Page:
• This trust can be built only through collaborative and coordinated efforts from all concerned stakeholders–Neutrals, lawyers, ODR/ ADR institutions, ODR Platforms along with the Government and the judiciary.
    • The Government through the Department of Legal Affairs has already initiated the process by inviting submissions to recognise ADR and ODR services providers. Through such as list, the Government can provide users with a clear description of the services provided by the institutions e.g. e-arbitration, e-mediation etc. and the sectors that they are currently servicing.
    • Such a list can then be shared between Government Departments and PSUs to enable them to choose service providers that satisfy their requirement criteria.
  • Suitably regulate ODR
    • Given sufficient time and room for growth, India has the potential to be the epicentre for innovation and the dynamic development of ODR. With new players entering the field and the ecosystem seeing increased activity, there will be a corresponding need to ensure that the rights of the end users are protected.
    • On the other hand, even though ODR has seen new innovation, these technology solutions are still in their early stages of development.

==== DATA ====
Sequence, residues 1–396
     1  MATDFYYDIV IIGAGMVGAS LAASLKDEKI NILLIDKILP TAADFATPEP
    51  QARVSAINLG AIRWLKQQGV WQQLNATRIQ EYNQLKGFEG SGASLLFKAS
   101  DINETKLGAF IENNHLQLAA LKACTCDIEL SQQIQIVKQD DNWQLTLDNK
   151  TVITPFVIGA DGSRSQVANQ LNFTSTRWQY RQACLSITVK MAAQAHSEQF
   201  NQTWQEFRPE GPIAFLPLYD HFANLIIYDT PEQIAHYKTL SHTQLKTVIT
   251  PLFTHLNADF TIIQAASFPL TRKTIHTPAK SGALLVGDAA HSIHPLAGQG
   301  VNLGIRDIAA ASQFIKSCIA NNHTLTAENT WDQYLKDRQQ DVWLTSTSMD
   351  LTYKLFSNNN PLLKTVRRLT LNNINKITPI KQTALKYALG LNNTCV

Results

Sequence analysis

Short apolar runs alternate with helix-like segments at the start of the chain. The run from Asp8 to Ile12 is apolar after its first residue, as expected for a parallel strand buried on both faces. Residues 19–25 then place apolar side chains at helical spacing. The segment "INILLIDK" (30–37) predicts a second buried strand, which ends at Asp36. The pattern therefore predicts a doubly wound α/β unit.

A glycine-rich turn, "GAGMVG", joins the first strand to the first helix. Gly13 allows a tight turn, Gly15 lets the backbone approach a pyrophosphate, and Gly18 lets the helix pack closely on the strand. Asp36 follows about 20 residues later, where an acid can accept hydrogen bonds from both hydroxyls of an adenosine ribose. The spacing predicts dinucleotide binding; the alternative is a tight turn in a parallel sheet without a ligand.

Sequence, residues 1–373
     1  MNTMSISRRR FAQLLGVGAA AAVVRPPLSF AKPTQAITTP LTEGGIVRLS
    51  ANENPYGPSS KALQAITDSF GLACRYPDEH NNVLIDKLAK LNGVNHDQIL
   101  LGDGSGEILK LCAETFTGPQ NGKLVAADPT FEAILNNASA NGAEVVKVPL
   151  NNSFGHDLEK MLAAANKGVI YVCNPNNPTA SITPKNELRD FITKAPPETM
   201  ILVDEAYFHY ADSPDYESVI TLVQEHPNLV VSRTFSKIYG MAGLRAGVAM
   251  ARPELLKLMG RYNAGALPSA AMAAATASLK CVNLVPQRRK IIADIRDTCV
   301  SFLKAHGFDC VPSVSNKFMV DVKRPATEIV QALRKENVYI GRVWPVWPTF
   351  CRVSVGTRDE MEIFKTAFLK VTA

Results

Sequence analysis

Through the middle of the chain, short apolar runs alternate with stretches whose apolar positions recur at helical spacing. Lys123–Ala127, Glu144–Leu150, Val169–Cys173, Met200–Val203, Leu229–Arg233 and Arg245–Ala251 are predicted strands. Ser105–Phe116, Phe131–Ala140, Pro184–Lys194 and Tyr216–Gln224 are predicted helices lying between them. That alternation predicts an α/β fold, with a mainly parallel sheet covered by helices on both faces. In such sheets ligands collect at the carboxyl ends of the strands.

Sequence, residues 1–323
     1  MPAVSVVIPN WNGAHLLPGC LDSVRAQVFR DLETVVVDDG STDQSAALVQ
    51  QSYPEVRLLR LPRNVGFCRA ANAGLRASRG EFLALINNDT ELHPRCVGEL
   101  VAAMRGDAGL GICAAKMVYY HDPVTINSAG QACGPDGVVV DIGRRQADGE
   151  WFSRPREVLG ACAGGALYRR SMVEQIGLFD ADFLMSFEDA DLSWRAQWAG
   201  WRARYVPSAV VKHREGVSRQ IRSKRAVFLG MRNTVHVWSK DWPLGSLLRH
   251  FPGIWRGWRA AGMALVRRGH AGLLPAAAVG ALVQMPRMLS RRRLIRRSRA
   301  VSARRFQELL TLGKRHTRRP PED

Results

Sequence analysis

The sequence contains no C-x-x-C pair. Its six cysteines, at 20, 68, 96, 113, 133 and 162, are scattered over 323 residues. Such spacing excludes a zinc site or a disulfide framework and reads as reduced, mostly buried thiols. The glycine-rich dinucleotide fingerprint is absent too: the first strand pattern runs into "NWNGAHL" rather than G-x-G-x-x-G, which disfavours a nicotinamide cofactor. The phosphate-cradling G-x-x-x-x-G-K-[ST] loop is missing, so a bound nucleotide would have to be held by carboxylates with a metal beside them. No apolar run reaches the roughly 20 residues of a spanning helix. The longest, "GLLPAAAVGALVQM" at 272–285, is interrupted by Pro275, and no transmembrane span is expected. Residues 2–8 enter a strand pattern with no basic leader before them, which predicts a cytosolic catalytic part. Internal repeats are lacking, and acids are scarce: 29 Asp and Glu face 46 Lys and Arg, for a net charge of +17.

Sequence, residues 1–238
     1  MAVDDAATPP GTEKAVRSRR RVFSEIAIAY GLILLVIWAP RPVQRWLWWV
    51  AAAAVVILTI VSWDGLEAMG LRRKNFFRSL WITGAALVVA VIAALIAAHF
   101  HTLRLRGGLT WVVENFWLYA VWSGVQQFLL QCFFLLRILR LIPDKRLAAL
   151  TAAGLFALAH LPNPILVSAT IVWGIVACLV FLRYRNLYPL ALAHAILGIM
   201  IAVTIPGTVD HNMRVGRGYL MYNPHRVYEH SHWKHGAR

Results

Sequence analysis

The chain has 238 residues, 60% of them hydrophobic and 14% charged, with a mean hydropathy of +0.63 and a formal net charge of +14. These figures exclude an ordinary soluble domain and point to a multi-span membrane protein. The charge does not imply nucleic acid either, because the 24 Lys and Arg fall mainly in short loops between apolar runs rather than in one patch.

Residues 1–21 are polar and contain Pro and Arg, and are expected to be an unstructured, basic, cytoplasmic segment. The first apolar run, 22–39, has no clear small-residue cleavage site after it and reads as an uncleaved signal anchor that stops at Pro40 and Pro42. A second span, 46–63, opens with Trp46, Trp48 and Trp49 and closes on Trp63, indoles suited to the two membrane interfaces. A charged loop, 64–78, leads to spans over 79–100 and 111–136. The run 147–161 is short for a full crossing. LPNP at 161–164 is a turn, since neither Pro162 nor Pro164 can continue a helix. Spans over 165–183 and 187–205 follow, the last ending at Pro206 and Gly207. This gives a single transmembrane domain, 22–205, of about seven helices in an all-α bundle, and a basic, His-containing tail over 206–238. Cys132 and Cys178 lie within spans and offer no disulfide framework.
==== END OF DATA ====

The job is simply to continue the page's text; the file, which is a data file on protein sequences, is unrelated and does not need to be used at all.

• Therefore, it is necessary that the regulatory model adopted by India protect the rights of the end users while ensuring that over-regulation does not stifle innovation.
    • To this end, a light touch approach to regulation is well suited for India, especially during the early stages, which are likely to see immense growth and innovation of a variety of ODR solutions.

Mains Practice Question – Critically examine the role of Online Dispute Resolution Mechanism in the Indian Judicial system. Also, highlight the key challenges associated with its implementation. 

Note: Write answers to this question in the comment section.